frog-matchbox

the two me110 kits look alot a like which came first?
anyone have the radar parts they won't use?
that seems to be the only difference.
Reply to
e
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Your engines should look different. The 'G' had the higher powered DBs. Sorry, used mine.
Bill Banaszak, MFE
Reply to
Bill Banaszak
are they the same molds? the antenni, er's, a's, look easy to scratch...so maybe i can do it.
Reply to
e
No.
IIRC the Frog kit came first.
Tom
Reply to
Maiesm72
Back in the days when we actually had an industrial / engineering based economy, model companies would no more use each others moulds than swallow each others spit. The world of one mould / many brands was wished on us by the accountants. I have some model friends who have models of say a 'Matchbox' Spitfire or a 'Revell' or an 'Airfix' Spitfire or whatever. All nicely made and displaying the toolmakers misinterpretations, moulding shortcuts and - yes, even genius occasionally. Personally I like to use a kit as a base to replicate the original, but theirs is another spin on the hobby.
Chek Change' boos' to 'bos' in address to email directly
Reply to
Chek
That's decidedly not so. Mold swapping, buying, and even pirating has occured from the very earliest days of plastic models. In the US, Lindberg bought tooling from Varney amongst others, Revell picked up the Gowland tools, Aurora bought Best's Indy racer tooling and pirated Hawk's F-90 and F9F, all in the early 50s. In the UK the first Airfix aircraft kit was a scaled-down copy of Aurora's Spitfire and some of their 1/32 scale antique cars were blatant copies of Revell kits, while FROG got into the act by selling kits from Comet tooling. Meanwhile the Japanese pirated kits left and right when their plastic model industry first started up - Marusan was especially well-known for doing that. When the industry started to develop in South Korea it was again a story of pirated copies, mostly of American and Japanese kits.
And all that's just a short synopsis of a subject way too involved to cover thoroughly in a Usenet post. Suffice it to say that there's little new under the sun when it comes to 'shared' kit tooling.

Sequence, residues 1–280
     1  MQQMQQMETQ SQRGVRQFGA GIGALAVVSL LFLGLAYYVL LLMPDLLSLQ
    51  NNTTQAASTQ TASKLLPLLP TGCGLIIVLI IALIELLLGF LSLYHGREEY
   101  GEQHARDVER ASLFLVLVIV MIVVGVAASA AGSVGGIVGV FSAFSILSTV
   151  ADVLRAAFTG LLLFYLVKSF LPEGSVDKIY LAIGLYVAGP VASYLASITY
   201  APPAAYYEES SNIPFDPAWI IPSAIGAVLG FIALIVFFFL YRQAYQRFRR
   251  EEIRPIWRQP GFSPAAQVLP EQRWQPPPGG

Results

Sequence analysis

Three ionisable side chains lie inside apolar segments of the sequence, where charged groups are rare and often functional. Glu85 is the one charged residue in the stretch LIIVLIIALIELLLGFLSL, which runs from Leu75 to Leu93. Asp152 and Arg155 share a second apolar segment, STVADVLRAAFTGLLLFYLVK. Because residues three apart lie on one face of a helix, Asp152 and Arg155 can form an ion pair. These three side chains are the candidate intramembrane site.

Reply to
Al Superczynski
Al, Your points are valid and expose the oversimplification of my statement. After the majors became established should have been my qualifier statement. Frog did import Hasegawa moulds before Hasegawa became a force to be reckoned with, but they were already in trouble by then and it was a way to reduce tooling costs for common projects. What I meant to say was that you could be sure that the Frog Spitfire was different to the Airfix Spitfire, which was different to the Revell Spitfire and none were a copy of the Matchbox Spitfire, and so on. Each manufacturer had a 'style' that was recognisable. Can't say that today. Chek
Reply to
Chek
the detail sure is similar. could matchbox have been inspired by the frog molds?
Reply to
e
so matchbox may have indeed used frog ideas. the sprues and parts are so close.
Reply to
e
There's only so much variation possible before you would no longer have a recognizable Spitfire. Unless the sprues are virtually identical in part-outs and location, inspriation was probably limited to looking at competitors' kits to see what the optimum part layout might be, and where improvements could be made, to get a leg up on the competition. Cost-effectiveness might have dictated using a similar parts layout, without necessarily following to the point of copying tooling. Some things to consider: Frog usually preferred separate control surfaces, often breaking down the stabilizers into as many as four pieces each port and starboard--I don't recall Matchbox going that route with any kits. Frog's kits always had raised panel lines; Matchbox may have had some of that, but I also recall the engraved trenches of a good many of their kits. Frog kits were molded all of the same color plastic; Matchbox kits were frequently molded in two or three colors (many of which were god-awful). Frog seats were very different in shape from Matchbox seats--not that either was the least bit accurate.
Mark Schynert
Reply to
Mark Schynert
well, the 110 kits have some relations. even if just copying.
Reply to
e
Possible, but doubtful. Most likely they were done from the same aircraft. The night fighter in one of the British museums.
Tom
Reply to
Maiesm72
the matchbox has better details, but isn't a nightfighter, so they just look close.
Reply to
e
Of course. My bad.
Revell must have had collective migranes when they inherited both the Matchbox and Frog Bf 110 molds.
They used the Frog molds back then, but who knows, they may eventually use the Matchbox molds.
Wonderful confusion.
Tom
Reply to
Maiesm72
love that matchbox 110. snagging every decent priced one i can find.
Reply to
e
The C as represented by the Matchbox kit has smaller spinners (just like a Me-109E) that should be your first noticable difference. The nose, canopy, engines and rudders were different on the G as well. Parts layout may have been copied from Frog, that's good business sense. I don't have an open Frog kit for comparison. hth
The Keeper (of too much crap)
Reply to
Keeper

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